Submitted by Ariana Fine on Mon, 09/01/2014 - 11:26pm
Implementing year-round schooling will not only lead to minority students who are more engaged with their academics, but ones who come to rely on the consistency of their educational schedule and are more apt to stick with it.
Submitted by Ariana Fine on Fri, 08/29/2014 - 1:26am
In a report called “State of School Nutrition 2014,” the School Nutrition Association reported that 63 percent of school districts report offering salad or produce bars, while 69 percent offer pre-packaged salads. The survey also found that 52 percent of districts surveyed serve locally sourced fruits and vegetables.
Submitted by Ariana Fine on Fri, 08/29/2014 - 1:24am
Schools offer an education that is too precious to be surrendered to those with no understanding of learning's ultimate meaning and value. They believe that its efficacy can somehow be measured in numbers. A school is not about teaching subjects for testing, but about teaching children subjects.
Submitted by Ariana Fine on Thu, 08/28/2014 - 12:37am
It's clear that bullying in schools so concerned the Indiana General Assembly that lawmakers passed a measure requiring schools statewide to track cases. But the state's bullying report shows a significant variance in numbers from school to school. That raises concerns that schools aren't being consistent or, even worse, aren't taking seriously the need to track incidents and file such reports.
Submitted by Ariana Fine on Thu, 08/28/2014 - 12:24am
The city's public school students on Staten Island have become victims of a series of financial errors by the Department of Education (DOE). The DOE was due to have been reimbursed for money it spent between 2012 and 2014 on U.S.-mandated services for special education pupils. However, the DOE covered the unreimbursed special education costs by shifting city money from school supplies.
Submitted by Ariana Fine on Thu, 08/28/2014 - 12:02am
A well-intentioned law to expand national fingerprinting background checks for school employees has been crucial for students' safety. However, the implementation leads to multiple, repetitive background checks and unnecessary, costly layers of government bureaucracy. These challenges will be further complicated by the passage of another new law to extend fingerprint checks to disability service providers.
Submitted by Ariana Fine on Wed, 08/27/2014 - 1:09am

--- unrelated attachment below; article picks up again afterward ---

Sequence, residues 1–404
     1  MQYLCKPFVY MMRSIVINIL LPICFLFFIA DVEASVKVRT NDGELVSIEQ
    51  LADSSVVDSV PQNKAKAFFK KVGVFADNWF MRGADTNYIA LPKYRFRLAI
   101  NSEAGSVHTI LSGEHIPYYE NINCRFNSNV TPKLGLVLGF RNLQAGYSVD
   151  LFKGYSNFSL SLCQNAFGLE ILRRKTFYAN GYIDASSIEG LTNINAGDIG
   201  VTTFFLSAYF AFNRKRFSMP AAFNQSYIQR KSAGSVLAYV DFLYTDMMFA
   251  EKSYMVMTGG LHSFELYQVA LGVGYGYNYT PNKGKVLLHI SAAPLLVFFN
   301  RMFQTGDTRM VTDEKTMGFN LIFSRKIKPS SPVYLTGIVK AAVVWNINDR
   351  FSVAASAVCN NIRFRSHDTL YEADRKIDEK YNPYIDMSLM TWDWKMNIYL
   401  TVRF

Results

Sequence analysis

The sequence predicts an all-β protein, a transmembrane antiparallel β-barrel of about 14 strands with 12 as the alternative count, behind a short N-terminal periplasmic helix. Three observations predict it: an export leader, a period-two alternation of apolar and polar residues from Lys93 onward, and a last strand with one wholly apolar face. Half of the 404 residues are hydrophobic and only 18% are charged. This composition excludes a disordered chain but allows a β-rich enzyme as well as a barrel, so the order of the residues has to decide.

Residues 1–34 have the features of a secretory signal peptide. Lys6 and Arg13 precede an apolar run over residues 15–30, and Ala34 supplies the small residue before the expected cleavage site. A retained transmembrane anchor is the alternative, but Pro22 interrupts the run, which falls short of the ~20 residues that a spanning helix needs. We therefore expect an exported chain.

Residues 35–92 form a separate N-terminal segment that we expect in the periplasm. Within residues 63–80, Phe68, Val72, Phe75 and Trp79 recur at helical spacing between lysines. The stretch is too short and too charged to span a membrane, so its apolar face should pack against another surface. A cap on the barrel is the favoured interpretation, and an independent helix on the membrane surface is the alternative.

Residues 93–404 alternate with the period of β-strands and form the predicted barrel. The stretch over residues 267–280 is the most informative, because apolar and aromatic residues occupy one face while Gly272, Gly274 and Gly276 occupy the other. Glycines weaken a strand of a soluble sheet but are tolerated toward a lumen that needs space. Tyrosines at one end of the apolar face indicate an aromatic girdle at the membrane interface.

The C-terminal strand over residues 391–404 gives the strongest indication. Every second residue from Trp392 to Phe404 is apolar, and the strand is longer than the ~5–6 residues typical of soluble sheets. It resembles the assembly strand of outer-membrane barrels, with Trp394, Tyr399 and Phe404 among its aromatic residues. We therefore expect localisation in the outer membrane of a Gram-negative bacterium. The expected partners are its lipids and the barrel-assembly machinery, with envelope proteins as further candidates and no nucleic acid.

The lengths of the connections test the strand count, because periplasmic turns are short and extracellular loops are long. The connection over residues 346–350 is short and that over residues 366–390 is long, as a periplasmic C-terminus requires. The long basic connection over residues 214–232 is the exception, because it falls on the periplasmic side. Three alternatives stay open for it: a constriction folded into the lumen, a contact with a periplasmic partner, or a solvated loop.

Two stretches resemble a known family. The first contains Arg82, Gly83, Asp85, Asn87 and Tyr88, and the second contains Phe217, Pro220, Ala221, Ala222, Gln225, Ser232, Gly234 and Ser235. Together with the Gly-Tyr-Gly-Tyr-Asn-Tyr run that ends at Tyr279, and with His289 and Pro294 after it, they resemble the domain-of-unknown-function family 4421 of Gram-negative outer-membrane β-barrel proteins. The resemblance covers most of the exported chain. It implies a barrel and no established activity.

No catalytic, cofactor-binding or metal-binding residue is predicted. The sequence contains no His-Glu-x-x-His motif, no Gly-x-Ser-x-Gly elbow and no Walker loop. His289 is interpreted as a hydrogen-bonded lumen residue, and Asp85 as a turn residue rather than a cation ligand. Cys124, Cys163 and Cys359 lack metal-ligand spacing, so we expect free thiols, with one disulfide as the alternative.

Plenty of plagiarism is intentional. Many of the matches anti-plagarism software finds come from paper mills, cheat sites and other students' papers. As plagiarism-detecting technology improves, some students intent on cheating will find ways to outsmart it. But with anti-plagarism software companies adding hundreds of thousands of student papers a day, intentional plagiarism is riskier than ever.
Submitted by Ariana Fine on Wed, 08/27/2014 - 12:42am
Milton Friedman's article, "Selling School like Groceries," asked readers to consider a scenario in which grocery stores operated under the same provisions as public elementary and secondary schools. The feasibility of a system that enables one to give as much thought to selecting a child's school as one does with groceries needs to examined.
Submitted by Ariana Fine on Wed, 08/27/2014 - 12:28am
If speed cameras in school zones - and warnings of cameras -- slow down drivers, that's a win for public safety. But it also means the cameras won't generate much revenue, because speeding will decline. If the cameras create a ton of revenue because no one slows down, that means plenty of cash, but it also means the cameras aren't keeping people from speeding.
Submitted by Ariana Fine on Tue, 08/26/2014 - 12:33am
Our local leaders chose to give up federal lunch subsidies and not meet the new federal school nutrition guidelines. But decisions about what our kids eat at school are not just personal ones that affect one family. Instead, the leaders could have chosen to provide healthier options that could lead to the students’ sharing ideas at home and possibly increasing everyone’s quality of life and health.